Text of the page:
To protect against sabotage, theft, and piracy, Mr. Campbell emphasized that everyone, from developers and operators to investors and insurers, stay vigilant to threats. Beginning with investors and insurers, Mr. Campbell called on them to change their perspective from trying to garner profit in a roughly three-year window, while hoping to avoid sabotage. Instead, they should mandate a strong security posture over an asset for it to maintain a continuity of operations over a longer period of time, oftentimes roughly ten years. This planning will not only allow the asset to remain secure, but it will allow the asset to mature and provide more profit and return on investment as time progresses.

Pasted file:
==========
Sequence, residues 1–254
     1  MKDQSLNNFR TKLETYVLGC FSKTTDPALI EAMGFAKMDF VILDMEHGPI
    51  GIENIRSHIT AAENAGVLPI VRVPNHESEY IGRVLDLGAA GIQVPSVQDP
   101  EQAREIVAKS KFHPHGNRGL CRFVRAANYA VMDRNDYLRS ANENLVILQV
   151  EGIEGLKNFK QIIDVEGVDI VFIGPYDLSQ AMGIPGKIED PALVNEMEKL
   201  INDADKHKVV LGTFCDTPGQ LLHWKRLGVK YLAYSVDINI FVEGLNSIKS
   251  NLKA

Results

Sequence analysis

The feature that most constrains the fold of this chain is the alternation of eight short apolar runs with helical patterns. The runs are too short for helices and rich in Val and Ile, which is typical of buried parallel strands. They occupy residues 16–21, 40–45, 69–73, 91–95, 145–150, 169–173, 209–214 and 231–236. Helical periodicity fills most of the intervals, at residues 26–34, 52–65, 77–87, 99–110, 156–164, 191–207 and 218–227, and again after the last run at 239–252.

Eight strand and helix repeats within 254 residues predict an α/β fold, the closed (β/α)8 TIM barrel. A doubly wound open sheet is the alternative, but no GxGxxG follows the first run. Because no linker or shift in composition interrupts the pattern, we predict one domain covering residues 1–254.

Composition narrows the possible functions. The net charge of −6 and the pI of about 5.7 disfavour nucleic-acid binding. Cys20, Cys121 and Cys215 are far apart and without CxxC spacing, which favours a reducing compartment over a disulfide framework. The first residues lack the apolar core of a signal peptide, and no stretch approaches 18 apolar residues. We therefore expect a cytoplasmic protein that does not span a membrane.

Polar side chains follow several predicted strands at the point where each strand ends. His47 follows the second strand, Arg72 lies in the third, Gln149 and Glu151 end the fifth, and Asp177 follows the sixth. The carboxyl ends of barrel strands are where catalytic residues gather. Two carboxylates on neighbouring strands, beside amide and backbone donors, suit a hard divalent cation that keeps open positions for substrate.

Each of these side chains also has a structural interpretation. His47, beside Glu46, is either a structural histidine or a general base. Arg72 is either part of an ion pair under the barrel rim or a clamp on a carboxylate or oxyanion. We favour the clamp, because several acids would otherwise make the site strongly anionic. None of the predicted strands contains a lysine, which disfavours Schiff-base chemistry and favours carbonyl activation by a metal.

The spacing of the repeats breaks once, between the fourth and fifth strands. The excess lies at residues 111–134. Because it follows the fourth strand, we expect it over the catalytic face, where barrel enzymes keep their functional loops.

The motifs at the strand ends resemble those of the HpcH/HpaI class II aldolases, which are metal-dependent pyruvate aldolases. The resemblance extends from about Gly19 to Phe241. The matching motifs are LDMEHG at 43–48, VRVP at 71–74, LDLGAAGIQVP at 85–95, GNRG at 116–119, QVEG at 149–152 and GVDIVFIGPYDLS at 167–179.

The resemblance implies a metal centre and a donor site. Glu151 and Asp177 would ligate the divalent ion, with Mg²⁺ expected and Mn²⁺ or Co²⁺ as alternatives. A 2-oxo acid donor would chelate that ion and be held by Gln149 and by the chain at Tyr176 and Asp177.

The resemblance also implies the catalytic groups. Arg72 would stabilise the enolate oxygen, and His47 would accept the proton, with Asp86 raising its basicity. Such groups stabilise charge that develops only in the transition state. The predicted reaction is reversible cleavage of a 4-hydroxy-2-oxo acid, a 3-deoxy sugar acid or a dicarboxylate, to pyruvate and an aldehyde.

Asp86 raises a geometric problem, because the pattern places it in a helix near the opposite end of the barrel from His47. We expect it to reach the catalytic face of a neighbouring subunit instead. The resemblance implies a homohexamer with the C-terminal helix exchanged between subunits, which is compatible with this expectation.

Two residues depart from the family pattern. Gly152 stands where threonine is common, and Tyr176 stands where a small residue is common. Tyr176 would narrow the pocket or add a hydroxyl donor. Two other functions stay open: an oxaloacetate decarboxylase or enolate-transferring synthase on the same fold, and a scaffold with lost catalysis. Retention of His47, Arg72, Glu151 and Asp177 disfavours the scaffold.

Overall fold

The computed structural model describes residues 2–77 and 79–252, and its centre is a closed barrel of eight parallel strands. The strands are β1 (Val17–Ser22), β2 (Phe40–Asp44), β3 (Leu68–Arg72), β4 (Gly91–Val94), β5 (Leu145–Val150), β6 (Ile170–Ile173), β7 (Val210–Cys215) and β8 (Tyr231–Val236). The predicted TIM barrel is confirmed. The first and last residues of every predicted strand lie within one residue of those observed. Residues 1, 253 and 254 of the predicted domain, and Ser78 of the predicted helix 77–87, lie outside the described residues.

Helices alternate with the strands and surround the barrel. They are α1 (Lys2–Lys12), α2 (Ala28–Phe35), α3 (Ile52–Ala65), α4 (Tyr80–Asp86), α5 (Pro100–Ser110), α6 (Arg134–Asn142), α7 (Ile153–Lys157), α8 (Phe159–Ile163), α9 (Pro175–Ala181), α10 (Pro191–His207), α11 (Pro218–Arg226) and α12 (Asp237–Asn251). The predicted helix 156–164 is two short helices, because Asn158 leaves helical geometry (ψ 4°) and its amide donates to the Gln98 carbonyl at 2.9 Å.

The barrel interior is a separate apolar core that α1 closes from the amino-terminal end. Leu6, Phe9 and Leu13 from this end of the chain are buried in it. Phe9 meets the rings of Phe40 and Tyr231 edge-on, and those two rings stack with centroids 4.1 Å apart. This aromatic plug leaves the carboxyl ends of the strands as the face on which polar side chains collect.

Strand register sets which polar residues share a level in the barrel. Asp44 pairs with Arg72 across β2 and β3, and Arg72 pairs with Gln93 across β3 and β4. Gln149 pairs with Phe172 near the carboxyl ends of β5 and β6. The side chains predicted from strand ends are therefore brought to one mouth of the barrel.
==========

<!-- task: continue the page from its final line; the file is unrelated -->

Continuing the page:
To developers and operators, Mr. Campbell suggested that they use previously established regulatory frameworks to “assess and review” the security situation of their operations, such as the “Framework for Improving Critical Infrastructure Cybersecurity Version 1.1,” published by the National Institute of Standards and Technology of the U.S. Department of Commerce, in addition to numerous others. Furthermore, they should spot check their current physical security measures to assess and mitigate immediate and long-term risks and ensure the ability to sustain a continuity of operations in the face of challenges. This also includes understanding the local geographical terrain and physical environment of the asset, the current political situation of the area, and the potential threats posed by both elements.